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Opioids are medications that relieve pain. When used properly, they can help. But when misused, they can cause addiction, overdose and death.

About opioids

What are opioids?

Opioids are substances that can be used to treat pain and may be misused recreationally. They include fentanyl, heroin, morphine, oxycodone, codeine, hydromorphone. Opioids can be addictive, and if taken at high doses, can cause coma or death. Special types of opioids, including methadone and suboxone, may also be used to treat opioid addiction.

What is fentanyl?

Fentanyl is an opioid medication legally prescribed to treat severe or chronic pain. Fentanyl is 100 times more toxic than morphine and 40 times more toxic than heroin.

Fentanyl can be found on the street in many forms including patch, powder, pill and liquid forms. Other street drugs can be laced with fentanyl making them more potent and increasing the risk of overdose.

Fentanyl use and overdose has been on the rise in Ontario over the last several years.

How does fentanyl become misused?

Fentanyl can be acquired through prescription forgeries, overprescribing, pharmacy robberies, break and enters or when legitimate prescriptions fall into the wrong hands. Synthetic fentanyl can also be trafficked and sold on the street.

What are the signs and symptoms of an opioid overdose?

Recognize the signs and symptoms of an overdose, including:

  • Difficulty walking, talking and staying awake
  • Blue lips or nails
  • Very small pupils
  • Cold and clammy skin
  • Dizziness and confusion
  • Extreme drowsiness
  • Choking, gurgling or snoring sounds
  • Slow, weak or no breathing
  • Inability to wake up, even when shaken or shouted at

If you think someone is overdosing, call 911 right away. For more information about opioid overdose, visit Health Canada

Why is opioid misuse a growing problem?

Opioid misuse and overdose is an important public health and safety issue nationally and provincially. In 2016, Ontario’s Minister of Health and Long-Term Care announced a strategy to address opioid misuse and addictions.

The Ontario Drug Policy Research Network (ODPRN) reported that opioid overdose is the third leading cause of accidental death in Ontario, totalling 638 deaths in 2013. In York Region there were:

  • 34,733 individuals using opioids in 2015
  • 125 emergency room visits due to opioid use in 2014
  • 26 opioid related deaths in 2013 (ODPRN, 2016)

Research indicates these numbers have been increasing over the last 10 years. To address this growing concern, Health Canada approved non-prescription over-the-counter access to naloxone in 2016. The Ontario Ministry of Health and Long-Term Care provides access to naloxone without charge through settings such as pharmacies. Naloxone is the medication that counteracts the effects of an opioid overdose.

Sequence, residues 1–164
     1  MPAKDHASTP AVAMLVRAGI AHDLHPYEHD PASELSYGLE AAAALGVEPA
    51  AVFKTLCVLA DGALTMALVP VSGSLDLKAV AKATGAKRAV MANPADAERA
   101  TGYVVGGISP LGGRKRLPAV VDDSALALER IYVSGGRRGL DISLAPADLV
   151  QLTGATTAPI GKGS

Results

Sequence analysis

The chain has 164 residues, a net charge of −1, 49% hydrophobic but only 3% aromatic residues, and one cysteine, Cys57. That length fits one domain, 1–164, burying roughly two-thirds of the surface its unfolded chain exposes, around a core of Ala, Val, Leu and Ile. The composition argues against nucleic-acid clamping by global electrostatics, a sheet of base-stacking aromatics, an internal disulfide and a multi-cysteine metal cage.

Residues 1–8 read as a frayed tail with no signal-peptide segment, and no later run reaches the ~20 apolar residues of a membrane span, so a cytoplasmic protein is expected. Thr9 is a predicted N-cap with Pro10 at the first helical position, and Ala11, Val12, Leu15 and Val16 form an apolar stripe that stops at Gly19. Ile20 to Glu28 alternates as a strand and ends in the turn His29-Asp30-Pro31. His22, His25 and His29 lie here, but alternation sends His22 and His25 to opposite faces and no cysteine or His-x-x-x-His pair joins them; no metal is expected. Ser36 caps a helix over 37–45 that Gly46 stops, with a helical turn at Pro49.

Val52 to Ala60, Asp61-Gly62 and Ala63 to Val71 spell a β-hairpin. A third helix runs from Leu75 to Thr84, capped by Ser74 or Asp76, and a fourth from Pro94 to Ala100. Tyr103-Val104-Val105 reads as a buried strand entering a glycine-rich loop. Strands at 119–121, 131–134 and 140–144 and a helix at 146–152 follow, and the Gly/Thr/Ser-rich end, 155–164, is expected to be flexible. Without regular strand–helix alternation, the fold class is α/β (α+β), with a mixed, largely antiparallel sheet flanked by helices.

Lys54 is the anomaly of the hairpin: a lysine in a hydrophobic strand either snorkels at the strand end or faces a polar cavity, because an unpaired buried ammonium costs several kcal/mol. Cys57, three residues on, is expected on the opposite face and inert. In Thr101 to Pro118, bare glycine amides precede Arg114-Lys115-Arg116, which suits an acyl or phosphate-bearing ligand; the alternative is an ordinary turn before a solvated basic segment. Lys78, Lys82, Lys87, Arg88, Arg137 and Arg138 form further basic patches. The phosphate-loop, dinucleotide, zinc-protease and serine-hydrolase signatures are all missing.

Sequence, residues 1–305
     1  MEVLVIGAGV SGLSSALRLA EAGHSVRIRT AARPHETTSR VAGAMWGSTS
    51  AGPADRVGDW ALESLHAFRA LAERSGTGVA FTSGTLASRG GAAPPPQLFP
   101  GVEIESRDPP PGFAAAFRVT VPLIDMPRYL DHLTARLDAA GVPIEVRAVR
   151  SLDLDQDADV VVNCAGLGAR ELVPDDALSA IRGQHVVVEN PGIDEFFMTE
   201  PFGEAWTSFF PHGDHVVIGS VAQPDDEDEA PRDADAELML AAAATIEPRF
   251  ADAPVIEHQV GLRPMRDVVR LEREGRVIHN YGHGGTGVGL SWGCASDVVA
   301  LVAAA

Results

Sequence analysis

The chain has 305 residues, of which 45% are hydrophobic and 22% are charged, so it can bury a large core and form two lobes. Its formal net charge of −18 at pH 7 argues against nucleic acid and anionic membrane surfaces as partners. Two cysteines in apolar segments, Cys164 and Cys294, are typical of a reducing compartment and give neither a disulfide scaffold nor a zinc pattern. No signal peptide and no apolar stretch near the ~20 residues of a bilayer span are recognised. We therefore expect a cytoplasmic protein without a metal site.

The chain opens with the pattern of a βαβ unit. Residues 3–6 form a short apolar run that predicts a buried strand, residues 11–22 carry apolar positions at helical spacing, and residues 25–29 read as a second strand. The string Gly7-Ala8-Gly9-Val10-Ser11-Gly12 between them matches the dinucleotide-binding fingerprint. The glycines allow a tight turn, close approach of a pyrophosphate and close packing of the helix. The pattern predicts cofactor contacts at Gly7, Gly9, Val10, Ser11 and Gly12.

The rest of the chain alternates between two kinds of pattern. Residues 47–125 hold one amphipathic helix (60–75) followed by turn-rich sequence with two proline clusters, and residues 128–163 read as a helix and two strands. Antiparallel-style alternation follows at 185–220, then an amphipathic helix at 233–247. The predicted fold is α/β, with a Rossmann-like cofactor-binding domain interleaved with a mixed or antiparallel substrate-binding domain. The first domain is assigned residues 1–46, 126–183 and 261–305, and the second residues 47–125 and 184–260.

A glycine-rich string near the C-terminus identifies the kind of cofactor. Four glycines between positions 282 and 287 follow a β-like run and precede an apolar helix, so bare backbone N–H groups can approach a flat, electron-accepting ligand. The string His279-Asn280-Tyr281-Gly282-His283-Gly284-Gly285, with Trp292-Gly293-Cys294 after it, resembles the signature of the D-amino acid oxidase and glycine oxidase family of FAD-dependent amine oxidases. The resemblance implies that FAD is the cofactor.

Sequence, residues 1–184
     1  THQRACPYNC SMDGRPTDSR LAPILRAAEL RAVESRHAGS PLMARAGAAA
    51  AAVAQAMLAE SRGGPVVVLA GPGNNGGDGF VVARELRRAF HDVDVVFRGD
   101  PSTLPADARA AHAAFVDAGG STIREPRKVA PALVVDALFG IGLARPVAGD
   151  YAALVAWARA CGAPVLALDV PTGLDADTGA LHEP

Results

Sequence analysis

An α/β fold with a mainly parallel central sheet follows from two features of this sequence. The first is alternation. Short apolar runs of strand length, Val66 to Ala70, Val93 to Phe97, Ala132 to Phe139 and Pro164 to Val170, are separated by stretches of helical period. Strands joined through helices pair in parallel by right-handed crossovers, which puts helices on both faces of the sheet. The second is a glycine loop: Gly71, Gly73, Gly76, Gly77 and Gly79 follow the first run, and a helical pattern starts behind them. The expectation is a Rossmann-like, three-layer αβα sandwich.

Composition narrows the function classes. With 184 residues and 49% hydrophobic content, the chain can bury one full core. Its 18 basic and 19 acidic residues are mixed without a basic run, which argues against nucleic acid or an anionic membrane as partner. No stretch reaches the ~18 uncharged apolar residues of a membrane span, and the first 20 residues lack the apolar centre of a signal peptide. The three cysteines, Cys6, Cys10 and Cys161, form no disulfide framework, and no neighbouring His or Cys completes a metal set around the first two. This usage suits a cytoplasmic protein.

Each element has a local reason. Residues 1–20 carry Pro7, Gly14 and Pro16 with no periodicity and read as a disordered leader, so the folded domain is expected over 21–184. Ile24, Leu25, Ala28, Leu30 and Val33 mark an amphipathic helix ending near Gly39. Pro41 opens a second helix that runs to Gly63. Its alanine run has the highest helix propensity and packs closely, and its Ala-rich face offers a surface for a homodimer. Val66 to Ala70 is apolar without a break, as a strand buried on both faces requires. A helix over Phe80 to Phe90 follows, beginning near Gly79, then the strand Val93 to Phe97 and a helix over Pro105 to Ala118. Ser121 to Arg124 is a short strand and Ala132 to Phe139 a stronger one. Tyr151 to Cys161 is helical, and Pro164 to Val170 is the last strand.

Treating an opioid overdose with naloxone

What is naloxone?

Naloxone is a non-opioid medication that counteracts the effects of opioid overdose. Naloxone is available in injection and nasal spray . Administering naloxone to someone experiencing an opioid overdose gives the person enough time to seek emergency care. Always call 911 if someone is overdosing on opioids, regardless of whether naloxone has been administered or not.

Where can I access naloxone?

Individuals who use opioids, or are at risk of overdosing and concerned family and friends are encouraged to pick up a free naloxone kit from a participating community pharmacy. You will need to provide a valid OHIP card.

Naloxone is also kept on-hand by paramedic services and hospital emergency departments in case of opioid overdose.

Where can I get help for substance misuse?

To get help for an addiction, please consult your health care provider, Addiction Services York Region or access other community supports in York Region.

What is York Region doing?

The Opioid Safety and Education Forum

York Region Public Health established an opioid education working group in early 2016, together with community partners including York Regional Police, Addiction Services York Region, community pharmacists and physicians. The purpose of this working group was to address the issue of opioid use and misuse in York Region through community education.

The working group held a York Region Opioid Safety Education Forum in November 2016 to educate physicians, pharmacists, dentists and other health care providers about opioid misuse, the introduction of over-the-counter naloxone, and the Fentanyl Patch 4 Patch program. The forum promoted open communication about opioid use in the Region, removal of stigma and provided information about community supports to manage opioid use. This was a first step in the response to opioid use in York Region.

The Opioid Education and Response Workgroup

The Opioid Education and Response Workgroup has evolved from the inter-professional working group that came together in 2016 to plan and deliver the Opioid Safety Education Forum. It now includes York Region Paramedic Services, fire services and others. This working group will meet regularly to create an opioid response plan, monitor naloxone use in York Region and provide education to health care providers and the community. The goal is to obtain more up-to-date information about opioid use in York Region and identify options to address this issue.

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